In Nairobi’s informal settlements nearly two out of three people do not have access to adequate water at home. This creates challenges for the physical distancing measures needed to suppress the spread of Covid-19 as people have to leave home to collect water. Globally, 2.2 billion people lack access to safe water at home, complicating the fight against Covid-19 in low- and middle-income countries. Increased handwashing is not possible without access to water. Governments and utilities face challenges in extending access to the poorest and opening up new water sources, particularly in areas already experiencing water scarcity or stress.
So what practical measures can increase access to water during the pandemic?
Practical measures to increase access to water during the Covid-19 pandemic include opening up additional pre-paid water sources using smart cards, vouchers and tokens to reduce human contact and help poor households manage spending on water. In Kampala, Uganda, the water utility is opening up an additional 100 public water points, with water charged at the public tap tariff. This tariff is cheaper than the household water tariff. Working with small private sector providers could fill gaps in service provision whilst ensuring that water is sold at regulated prices.
Digitising payments, which is being promoted by the Lilongwe Water Board in Malawi in response to Covid-19, can also reduce human contact and help poor households manage their water payments. It can also help to increase revenue collection for water utility companies. Fixing leaks is another cost-effective solution to increase water supply.
Water utilities are important for urban water supply. As of May 2020, eleven African governments had announced some form of free water provision during the current pandemic. In response, development partners, including the World Bank, are considering ways to support water utilities during the crisis so that they can keep the water flowing.
Building back better
The need to increase access to water during the Covid-19 pandemic also raises questions about where the water is going to come from, about equity, and how to leverage emergency WASH provision into sustainable gains. We also need to think about how to build back better and strengthen water security to support future pandemic preparedness.
Covid-19 is unfolding in a context of increasing water insecurity, driven by rising global water demand, population growth, urbanisation, land-use change and climate change, amongst other drivers. These drivers may also create conditions for future pandemics to occur. Water security is essential for healthy, resilient communities, societies and economies.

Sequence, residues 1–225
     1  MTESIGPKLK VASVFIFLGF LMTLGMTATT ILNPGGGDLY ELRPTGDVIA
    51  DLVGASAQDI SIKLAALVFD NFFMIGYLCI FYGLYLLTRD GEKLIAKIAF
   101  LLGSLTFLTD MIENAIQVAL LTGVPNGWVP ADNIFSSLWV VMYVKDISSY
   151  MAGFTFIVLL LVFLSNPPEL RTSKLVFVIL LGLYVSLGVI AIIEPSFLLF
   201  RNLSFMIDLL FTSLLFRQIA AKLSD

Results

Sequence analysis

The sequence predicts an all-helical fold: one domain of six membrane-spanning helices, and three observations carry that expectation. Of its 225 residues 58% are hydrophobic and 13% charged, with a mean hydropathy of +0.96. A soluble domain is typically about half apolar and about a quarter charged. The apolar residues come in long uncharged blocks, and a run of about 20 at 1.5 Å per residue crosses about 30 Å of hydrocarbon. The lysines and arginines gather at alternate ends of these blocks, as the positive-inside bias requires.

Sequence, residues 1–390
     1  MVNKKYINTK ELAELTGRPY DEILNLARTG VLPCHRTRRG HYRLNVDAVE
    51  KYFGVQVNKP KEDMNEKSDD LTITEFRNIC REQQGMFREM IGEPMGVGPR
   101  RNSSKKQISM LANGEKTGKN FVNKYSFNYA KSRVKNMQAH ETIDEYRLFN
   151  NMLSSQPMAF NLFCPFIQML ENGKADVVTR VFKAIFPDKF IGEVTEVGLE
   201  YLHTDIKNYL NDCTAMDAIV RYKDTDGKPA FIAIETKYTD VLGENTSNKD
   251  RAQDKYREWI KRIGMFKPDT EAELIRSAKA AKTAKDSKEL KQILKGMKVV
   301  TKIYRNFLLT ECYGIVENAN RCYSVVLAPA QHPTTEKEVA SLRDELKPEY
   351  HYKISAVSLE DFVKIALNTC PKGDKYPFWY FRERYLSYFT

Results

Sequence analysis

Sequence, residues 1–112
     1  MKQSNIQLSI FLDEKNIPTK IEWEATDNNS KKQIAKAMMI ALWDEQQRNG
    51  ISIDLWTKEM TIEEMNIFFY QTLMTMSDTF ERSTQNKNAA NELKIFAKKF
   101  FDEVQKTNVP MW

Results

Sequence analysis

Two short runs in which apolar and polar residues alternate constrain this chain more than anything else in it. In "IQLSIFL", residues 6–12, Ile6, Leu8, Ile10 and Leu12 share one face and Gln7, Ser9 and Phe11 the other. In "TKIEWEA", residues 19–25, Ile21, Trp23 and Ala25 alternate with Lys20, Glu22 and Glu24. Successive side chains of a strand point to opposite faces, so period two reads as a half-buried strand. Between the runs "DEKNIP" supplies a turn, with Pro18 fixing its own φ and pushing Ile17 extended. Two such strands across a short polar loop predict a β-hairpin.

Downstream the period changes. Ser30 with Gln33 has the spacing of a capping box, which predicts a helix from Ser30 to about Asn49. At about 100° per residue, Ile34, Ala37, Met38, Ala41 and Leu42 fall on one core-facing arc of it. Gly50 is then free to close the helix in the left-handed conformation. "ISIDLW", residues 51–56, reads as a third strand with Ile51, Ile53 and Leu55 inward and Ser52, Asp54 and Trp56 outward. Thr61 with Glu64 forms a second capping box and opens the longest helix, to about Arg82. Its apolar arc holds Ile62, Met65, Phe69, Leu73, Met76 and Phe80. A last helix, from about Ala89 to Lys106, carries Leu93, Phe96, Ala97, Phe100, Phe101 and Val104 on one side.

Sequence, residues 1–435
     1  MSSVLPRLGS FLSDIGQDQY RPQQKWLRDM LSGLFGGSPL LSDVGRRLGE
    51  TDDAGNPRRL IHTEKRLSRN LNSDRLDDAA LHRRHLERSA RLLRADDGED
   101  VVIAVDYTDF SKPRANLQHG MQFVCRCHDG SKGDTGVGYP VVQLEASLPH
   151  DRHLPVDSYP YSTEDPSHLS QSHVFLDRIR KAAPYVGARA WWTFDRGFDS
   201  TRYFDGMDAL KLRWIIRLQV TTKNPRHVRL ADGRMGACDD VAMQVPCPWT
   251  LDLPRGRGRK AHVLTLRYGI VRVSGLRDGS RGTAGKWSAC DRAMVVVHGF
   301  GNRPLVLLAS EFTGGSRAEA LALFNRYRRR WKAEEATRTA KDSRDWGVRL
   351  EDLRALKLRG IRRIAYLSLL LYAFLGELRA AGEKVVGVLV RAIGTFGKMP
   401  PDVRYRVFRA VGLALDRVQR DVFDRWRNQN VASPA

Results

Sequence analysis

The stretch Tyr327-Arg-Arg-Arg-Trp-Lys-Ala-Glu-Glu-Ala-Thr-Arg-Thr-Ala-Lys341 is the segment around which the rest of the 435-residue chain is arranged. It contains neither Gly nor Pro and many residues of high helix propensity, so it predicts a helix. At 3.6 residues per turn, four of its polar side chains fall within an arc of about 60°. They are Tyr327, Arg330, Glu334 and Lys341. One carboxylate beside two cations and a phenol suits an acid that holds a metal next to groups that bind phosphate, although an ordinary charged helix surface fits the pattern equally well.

Key actions to support building back include nature-based solutions to improve water storage, supply and quality. For example, source water protection can improve water quality, reduce water treatment costs, and bring a range of co-benefits such as climate change adaptation: this is important as aid budgets may be reduced due to the economic effects of Covid-19.
Extending affordable access to WASH will require considering new solutions such as waterless toilets, and new service delivery models including container sanitation, which could support provision in informal settlements, as well as working to extend access to reliable and affordable piped water to the plot or house in the longer term. Digital tools, such as smart meters, can support sustainable water access for low-income customers and support service delivery.
Climate-resilient water management is needed to ensure that supply and storage solutions, institutions and decision-making are matched to a shifting climate and a dynamic and uncertain water cycle. New tools such as Climate Risk Informed Decision Analysis can support this. Strengthening water governance and stakeholder participation will also be important.
For further reading on this topic see the following K4D Helpdesk reports:
K4D Helpdesk Report 803 ‘Strengthening water security post Covid-19’
K4D Helpdesk Report 826 ‘Water for the urban poor and Covid-19’
Rachel Cooper, based at University of Birmingham, is a researcher on the K4D (Knowledge, Evidence and Learning) programme. She is currently leading a K4D Learning Journey on Water Security for the UK’s Department of International Development (DFID). The Learning Journey aims to increase DFID staff’s learning on water security and climate change.